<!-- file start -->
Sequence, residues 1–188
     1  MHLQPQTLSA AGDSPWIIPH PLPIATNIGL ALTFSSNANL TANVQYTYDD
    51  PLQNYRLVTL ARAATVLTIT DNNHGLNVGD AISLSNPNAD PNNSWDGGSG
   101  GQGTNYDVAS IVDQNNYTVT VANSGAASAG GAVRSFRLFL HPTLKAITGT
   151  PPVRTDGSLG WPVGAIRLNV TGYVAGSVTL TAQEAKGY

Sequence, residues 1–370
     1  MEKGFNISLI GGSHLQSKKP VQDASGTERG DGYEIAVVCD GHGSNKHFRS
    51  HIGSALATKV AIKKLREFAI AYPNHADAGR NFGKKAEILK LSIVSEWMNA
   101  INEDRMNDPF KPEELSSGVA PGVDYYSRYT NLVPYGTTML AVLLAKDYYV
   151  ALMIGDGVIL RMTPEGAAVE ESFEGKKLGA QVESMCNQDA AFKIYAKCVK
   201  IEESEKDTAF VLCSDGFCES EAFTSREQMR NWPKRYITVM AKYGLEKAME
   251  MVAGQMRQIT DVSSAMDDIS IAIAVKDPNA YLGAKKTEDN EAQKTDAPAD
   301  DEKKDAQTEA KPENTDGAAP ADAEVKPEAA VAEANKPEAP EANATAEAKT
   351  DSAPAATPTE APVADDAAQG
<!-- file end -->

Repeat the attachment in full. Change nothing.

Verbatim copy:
Sequence, residues 1–188
     1  MHLQPQTLSA AGDSPWIIPH PLPIATNIGL ALTFSSNANL TANVQYTYDD
    51  PLQNYRLVTL ARAATVLTIT DNNHGLNVGD AISLSNPNAD PNNSWDGGSG
   101  GQGTNYDVAS IVDQNNYTVT VANSGAASAG GAVRSFRLFL HPTLKAITGT
   151  PPVRTDGSLG WPVGAIRLNV TGYVAGSVTL TAQEAKGY

Sequence, residues 1–370
     1  MEKGFNISLI GGSHLQSKKP VQDASGTERG DGYEIAVVCD GHGSNKHFRS
    51  HIGSALATKV AIKKLREFAI AYPNHADAGR NFGKKAEILK LSIVSEWMNA
   101  INEDRMNDPF KPEELSSGVA PGVDYYSRYT NLVPYGTTML AVLLAKDYYV
   151  ALMIGDGVIL RMTPEGAAVE ESFEGKKLGA QVESMCNQDA AFKIYAKCVK
   201  IEESEKDTAF VLCSDGFCES EAFTSREQMR NWPKRYITVM AKYGLEKAME
   251  MVAGQMRQIT DVSSAMDDIS IAIAVKDPNA YLGAKKTEDN EAQKTDAPAD
   301  DEKKDAQTEA KPENTDGAAP ADAEVKPEAA VAEANKPEAP EANATAEAKT
   351  DSAPAATPTE APVADDAAQG